Companions in Crime: The Social Aspects of Criminal Conduct (Cambridge Studies in Criminology)
Cambridge University Press, Cambridge
Mark Warr’s Companions in Crime: The Social Aspects of Criminal Conduct is a well written account of the social influence of peers on crime and delinquency. Warr provides a comprehensive and advanced sociological treatment of peer influence on delinquent behaviour available today. He integrates research and statistics of juvenile and adolescent group behaviour in an easy to read way. The book brings together ideas that have intrigued criminologists decades ago with ones that hold centre stage today.
The idea of peer influence as a cause of anti-social behaviour has been around since the 1930s, when Edwin Sutherland offered his theory of differential association. Although that theory and similar ones have remained popular and have strong empirical support, more recent theories reject the idea completely. Therefore, Warr surveys the literature on peer influence and reveals that most offenders are embedded in a network of friends and accomplices and describes many possible mechanisms of peer influence.
The book is simple and straightforward, with the chapters reviewing the scientific evidence on adolescence and the role of peers during that complex life period. He then goes on to discuss the group nature of delinquency and the organisation or lack of organisation of delinquent groups.
But, perhaps the most useful and extensive part of the book, considers the possible mechanisms by which peers influence may promote or encourage delinquent behaviour. Warr writes at length about the importance of status, prestige and respect within the adolescent group, and he even informs the audience that status striving in groups ‘seems to be a feature of all primate species’ (p.51). Warr argues that status is a different matter when it comes to a mechanism for delinquent behaviour. Rather than merely generating conformity in behaviour, status threats can give direct provocation for criminal conduct. Among men, challenges to status often call for direct physical confrontation to maintain identity. However, if threats to status can provoke violence, Warr argues that a want to acquire status can also prompt violent behaviour. He uses the work of Short and Stordtbeck (1965) to illustrate that status in adolescent peer groups can often be earned through delinquent behaviour. Warr explains that this is because delinquent behaviour often exhibits the qualities that male’s prize – daring, spontaneity, toughness and leadership – qualities that are valued under other circumstances by the larger culture itself. However, Warr says that it is the role of ridicule, loyalty and status together that causes delinquent behaviour in groups. For example, ridicule poses a threat to their claim for membership and can undermine whatever rank they currently enjoy in that group and which also interacts with status. Those with greater status in the group have more to lose and may take more extreme measure to avoid or thwart ridicule. The last two chapters look at the relative influence of two powerful institutions in adolescents lives – parents and peers – and considers whether peer influence can explain some of the most persistent and controversial features of criminal behaviour, with Warr suggesting some further avenues for research on peer influence.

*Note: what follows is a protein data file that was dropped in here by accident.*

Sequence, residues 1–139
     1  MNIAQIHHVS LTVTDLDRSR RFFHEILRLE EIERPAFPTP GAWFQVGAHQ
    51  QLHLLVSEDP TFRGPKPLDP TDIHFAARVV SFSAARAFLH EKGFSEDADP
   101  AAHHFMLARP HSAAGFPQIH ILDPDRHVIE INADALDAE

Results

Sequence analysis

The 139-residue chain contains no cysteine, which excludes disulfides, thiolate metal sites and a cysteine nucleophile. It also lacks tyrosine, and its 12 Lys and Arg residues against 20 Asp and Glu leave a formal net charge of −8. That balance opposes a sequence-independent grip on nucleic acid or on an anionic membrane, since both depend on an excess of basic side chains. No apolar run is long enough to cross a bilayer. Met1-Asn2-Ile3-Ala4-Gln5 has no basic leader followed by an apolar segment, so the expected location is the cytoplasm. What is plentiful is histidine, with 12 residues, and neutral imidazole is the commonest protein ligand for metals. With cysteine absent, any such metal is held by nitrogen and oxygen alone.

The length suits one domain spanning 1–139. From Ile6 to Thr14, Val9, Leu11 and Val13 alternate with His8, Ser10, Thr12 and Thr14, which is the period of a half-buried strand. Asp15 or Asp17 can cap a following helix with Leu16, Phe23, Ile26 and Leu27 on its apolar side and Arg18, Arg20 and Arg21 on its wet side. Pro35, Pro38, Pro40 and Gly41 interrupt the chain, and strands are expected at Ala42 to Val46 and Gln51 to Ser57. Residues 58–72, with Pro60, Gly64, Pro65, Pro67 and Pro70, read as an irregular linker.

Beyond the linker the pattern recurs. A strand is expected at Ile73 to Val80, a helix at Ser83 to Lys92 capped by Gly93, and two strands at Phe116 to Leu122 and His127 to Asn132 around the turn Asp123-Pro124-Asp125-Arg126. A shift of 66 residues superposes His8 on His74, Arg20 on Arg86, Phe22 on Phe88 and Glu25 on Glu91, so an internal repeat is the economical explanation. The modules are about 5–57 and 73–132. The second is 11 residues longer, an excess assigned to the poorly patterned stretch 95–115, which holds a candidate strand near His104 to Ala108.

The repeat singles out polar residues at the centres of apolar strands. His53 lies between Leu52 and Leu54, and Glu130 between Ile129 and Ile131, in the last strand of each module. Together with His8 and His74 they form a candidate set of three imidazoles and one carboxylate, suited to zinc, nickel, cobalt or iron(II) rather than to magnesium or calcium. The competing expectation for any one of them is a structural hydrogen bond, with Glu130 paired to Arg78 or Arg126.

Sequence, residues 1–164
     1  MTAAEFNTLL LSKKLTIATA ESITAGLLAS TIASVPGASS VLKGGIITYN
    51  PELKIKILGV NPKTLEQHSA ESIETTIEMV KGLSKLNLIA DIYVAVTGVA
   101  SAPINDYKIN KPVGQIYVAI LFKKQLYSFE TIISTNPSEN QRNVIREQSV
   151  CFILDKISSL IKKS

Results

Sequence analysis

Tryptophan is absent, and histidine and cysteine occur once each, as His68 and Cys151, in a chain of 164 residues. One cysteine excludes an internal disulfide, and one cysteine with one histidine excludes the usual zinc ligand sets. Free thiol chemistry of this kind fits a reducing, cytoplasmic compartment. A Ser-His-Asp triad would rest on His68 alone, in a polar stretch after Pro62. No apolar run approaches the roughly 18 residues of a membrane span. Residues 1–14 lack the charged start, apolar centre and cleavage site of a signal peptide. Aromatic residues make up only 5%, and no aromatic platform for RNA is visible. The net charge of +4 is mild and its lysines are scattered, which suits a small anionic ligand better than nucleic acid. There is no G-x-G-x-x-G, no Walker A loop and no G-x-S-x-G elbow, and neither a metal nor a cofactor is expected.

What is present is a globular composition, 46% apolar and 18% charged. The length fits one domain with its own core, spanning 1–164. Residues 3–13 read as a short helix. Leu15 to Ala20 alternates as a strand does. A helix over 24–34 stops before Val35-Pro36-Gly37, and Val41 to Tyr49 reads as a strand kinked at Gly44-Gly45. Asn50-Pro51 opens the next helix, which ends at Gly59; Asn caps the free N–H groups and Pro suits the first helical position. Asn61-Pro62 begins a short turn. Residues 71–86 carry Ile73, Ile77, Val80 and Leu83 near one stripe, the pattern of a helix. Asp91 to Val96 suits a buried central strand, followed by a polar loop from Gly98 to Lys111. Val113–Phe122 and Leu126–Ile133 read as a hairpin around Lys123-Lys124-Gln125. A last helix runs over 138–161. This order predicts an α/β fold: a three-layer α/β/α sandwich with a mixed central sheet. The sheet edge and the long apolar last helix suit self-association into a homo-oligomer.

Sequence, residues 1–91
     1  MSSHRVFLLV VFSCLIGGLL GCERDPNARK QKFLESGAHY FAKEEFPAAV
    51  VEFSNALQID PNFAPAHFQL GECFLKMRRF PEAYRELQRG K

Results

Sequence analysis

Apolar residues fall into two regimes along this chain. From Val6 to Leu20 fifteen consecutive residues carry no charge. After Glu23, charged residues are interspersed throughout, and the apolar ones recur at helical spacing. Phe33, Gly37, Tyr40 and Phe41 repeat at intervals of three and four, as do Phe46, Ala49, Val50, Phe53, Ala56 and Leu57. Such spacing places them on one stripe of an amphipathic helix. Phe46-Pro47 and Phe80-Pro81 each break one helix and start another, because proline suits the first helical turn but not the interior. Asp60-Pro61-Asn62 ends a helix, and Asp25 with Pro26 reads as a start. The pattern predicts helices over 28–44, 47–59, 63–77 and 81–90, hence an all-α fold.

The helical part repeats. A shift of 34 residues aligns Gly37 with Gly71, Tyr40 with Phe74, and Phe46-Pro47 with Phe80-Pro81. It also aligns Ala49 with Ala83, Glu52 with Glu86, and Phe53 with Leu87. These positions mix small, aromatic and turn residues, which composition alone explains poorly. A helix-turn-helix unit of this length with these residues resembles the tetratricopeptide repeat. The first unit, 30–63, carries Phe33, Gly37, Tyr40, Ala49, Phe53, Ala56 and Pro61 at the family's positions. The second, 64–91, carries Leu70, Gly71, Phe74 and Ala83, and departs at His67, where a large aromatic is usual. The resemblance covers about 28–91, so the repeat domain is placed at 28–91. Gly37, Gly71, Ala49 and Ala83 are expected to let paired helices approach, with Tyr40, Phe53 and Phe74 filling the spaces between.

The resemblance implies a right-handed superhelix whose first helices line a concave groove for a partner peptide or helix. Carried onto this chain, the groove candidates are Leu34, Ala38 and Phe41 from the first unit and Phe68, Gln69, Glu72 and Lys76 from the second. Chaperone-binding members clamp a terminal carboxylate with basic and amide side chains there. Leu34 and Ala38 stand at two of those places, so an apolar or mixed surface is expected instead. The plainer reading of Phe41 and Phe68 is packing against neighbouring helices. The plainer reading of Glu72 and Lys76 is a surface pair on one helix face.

Warr’s explanations for peer influence range from the most general to the very specific (fear of ridicule, status striving and so on). Although what Warr has written is very comprehensive, there are a few areas where he has not written about, which may have been useful in his efforts to understand antisocial conduct among adolescents. The main downfall is the same problem that plagues sociology in general which is bio phobia. A disciplines integration with its more fundamental science has been the royal road to its progress, for example, environmental science is a multidisciplinary academic field that integrates biology, information sciences, physics among other disciplines to study the environment. Without such integration sociological theories of crime and delinquency will be ever more lifeless and viewed against the backdrop of theories proposed by scientists and theorists outside of the discipline, for example, psychology and genetics. However, if these disciplines were combined together a better insight to antisocial conduct amongst adolescents may be possible.
However, as he acknowledges in the penultimate page in the book that behaviour, genetics, evolutionary psychology are breathing down the neck of sociological criminology, which he describes as ‘disorientating and even threatening’ (p.139) to the majority of the current criminologists.
Warr provides a broad theoretical position and assess decades’ of literature, his intellectual command is not only impressive but a joy to read. His book is comprehensive, balanced and compelling and provides an important contribution to criminological theory.